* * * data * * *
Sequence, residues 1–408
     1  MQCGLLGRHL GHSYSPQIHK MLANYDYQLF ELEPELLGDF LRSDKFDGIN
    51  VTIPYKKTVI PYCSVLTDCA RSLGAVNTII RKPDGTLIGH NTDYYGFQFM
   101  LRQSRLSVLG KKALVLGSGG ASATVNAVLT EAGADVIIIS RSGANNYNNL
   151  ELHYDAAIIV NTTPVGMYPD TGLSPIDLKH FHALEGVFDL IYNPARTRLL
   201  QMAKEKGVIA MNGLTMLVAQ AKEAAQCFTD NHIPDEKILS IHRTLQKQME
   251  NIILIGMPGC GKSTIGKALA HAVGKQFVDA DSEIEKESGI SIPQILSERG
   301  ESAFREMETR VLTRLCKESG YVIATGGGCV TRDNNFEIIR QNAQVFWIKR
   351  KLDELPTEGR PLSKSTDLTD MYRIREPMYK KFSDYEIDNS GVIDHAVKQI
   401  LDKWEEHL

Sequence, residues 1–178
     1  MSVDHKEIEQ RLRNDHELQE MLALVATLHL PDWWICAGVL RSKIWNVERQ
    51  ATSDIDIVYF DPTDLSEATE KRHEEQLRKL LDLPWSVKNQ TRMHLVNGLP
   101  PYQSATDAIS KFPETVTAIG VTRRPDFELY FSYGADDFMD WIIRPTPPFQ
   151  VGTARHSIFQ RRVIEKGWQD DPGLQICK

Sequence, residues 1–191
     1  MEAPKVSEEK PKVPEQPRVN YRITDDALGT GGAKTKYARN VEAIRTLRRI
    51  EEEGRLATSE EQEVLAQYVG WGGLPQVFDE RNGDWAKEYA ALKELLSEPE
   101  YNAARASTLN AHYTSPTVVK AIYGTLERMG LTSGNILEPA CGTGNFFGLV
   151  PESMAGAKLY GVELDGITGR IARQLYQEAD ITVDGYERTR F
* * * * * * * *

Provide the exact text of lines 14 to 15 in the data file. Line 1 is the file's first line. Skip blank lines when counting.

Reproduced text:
   101  PYQSATDAIS KFPETVTAIG VTRRPDFELY FSYGADDFMD WIIRPTPPFQ
   151  VGTARHSIFQ RRVIEKGWQD DPGLQICK